How to Build a Wood Christmas Tree Using Shiplap
Today I'm sharing a step by step tutorial on How to Build a Wood Christmas Tree using Shiplap boards. This is an easy project to create a unique farmhouse style tree.
Don't worry if you don't have reclaimed wood, I'll share how to age new wood at the end of this tutorial.
This tree measures 62 inches tall from the bottom block to the top of the center pole. We place our tree inside a vintage iron pot with legs, and therefore it measures slightly taller when assembled.
You will want to determine the container you plan to use prior to beginning. Therefore, the container size will determine the exact amount of materials and lengths needed for your wood tree.
Caution: Choose a container that will be heavy enough to hold the tree steady. It is crucial because the heavy wood can easily tip over a container that is not substantial enough.
The shiplap boards are 5 1/2 inches wide.
- 3 of each size - 34" long, 31" long, 25" long, 22" long, 16" long, and 13" long
- 2 of each size - 10" long and 5 1/4" long
Use a 4x4 post and cut 9 - 2 1/2" blocks
Use a 6x6 Post and cut 1 - 4" high block
First, cut all the wooden pieces to the correct size, using a chop saw to create clean edges. If needed, you can lightly sand the edges with a fine grit sandpaper. Cut all boards based on the above dimensions or measurements determined by your container size.
Next, drill a 1 1/4 " hole in the center of each cut board and 4x4 post. In addition, drill a shallow hole into the center of the 6x6 post. This hole is just deep enough for the PVC pipe to rest inside. You can drill approx. 1/2" deep.
As a reminder, the hole should be larger than the PVC pipe, because this will allow for any swelling of the wood and for ease of assembly.
Now, place the 6x6 post inside the container and level the post so that the tree will be balanced.
Next, place the PVC pipe into the shallow hole and start adding the shiplap boards to the pipe. Be sure to begin with the longest boards as you add them to the pipe.
With most containers, the first board will be resting on top of the container rim and will help to steady the pole.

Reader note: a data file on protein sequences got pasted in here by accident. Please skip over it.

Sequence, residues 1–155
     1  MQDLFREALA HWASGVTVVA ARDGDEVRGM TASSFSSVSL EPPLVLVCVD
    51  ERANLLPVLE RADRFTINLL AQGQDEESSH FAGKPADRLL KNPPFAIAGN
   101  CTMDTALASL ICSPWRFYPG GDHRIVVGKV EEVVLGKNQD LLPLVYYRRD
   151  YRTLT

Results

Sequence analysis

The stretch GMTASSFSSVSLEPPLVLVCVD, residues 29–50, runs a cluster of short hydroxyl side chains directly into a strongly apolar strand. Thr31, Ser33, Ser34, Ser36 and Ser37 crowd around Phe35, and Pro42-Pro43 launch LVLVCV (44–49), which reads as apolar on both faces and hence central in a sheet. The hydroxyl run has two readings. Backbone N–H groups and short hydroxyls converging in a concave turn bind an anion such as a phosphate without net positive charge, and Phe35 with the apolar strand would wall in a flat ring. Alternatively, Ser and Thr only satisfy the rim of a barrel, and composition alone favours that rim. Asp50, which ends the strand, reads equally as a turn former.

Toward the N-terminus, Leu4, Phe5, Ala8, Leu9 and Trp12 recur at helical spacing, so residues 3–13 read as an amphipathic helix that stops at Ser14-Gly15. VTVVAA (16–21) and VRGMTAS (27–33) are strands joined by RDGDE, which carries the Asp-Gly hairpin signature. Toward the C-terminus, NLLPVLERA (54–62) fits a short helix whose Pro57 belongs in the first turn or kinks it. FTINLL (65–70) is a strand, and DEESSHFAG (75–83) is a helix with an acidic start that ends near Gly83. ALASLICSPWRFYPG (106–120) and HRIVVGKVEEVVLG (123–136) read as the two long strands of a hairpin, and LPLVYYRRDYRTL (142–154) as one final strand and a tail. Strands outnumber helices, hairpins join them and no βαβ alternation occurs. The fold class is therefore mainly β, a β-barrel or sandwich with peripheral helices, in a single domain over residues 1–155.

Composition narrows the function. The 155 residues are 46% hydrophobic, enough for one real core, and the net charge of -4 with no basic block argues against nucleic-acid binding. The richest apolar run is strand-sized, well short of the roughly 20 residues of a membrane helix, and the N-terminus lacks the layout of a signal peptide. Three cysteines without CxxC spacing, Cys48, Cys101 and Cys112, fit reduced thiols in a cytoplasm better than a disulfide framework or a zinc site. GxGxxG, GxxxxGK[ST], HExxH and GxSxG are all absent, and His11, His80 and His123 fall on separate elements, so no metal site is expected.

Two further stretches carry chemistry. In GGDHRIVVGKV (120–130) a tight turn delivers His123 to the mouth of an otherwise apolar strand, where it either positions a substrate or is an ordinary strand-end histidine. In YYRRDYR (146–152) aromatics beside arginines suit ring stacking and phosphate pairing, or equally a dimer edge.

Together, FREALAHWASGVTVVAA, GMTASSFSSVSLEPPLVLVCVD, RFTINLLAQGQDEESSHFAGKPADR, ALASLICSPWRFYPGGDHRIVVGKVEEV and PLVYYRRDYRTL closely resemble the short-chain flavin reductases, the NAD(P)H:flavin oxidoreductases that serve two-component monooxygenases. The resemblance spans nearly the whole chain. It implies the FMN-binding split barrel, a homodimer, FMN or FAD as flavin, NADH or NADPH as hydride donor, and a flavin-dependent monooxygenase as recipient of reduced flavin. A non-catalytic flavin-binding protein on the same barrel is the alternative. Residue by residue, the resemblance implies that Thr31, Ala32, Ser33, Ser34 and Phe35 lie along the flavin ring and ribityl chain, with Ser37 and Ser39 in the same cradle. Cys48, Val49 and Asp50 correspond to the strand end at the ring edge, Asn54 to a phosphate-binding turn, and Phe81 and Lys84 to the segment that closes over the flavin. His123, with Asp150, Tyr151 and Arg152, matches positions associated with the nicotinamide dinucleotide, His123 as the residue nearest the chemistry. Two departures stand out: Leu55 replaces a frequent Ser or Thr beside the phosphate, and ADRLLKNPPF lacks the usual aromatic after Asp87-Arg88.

In order to balance the tree, be sure to stagger the placement of each board as you can see here in the photo.
Because you want to create space between the different size boards, add one of the 4x4x2 1/2 divider blocks between each size change.
You will continue in this manner until all the boards are placed on the pole.
Continue to stagger the board placement so that the tree will be balanced and shaped like a Christmas Tree.
Once all the boards are in place, you will have a small section of pipe above the blocks and shiplap. I add a metal star that slips over the exposed pipe as a tree topper. You can shorten the pipe before assembly if you prefer less pipe exposed.
In order to age your new shiplap, I recommend staining the wood with a grey oil based stain like Minwax Penetrating Classic Gray.
If you prefer a white washed appearance, add a dry brush of white chalk paint, once the gray stain is dry.
Dry Brush Technique -
Dip your brush into paint and wipe most of the paint off the brush with a paper towel or cloth. Brush over the surface of the board lightly. If more paint is needed, apply more. See this dry brush technique on this vintage tool box.
In addition, you can distress the wood for a more authentic appearance. Here is how we distressed the wood on our DIY kitchen island.
Foraged grapevine and pinecones are nestled on the wooden boards along with red birds and pop corn garland help to create a fun outdoor vintage vibe.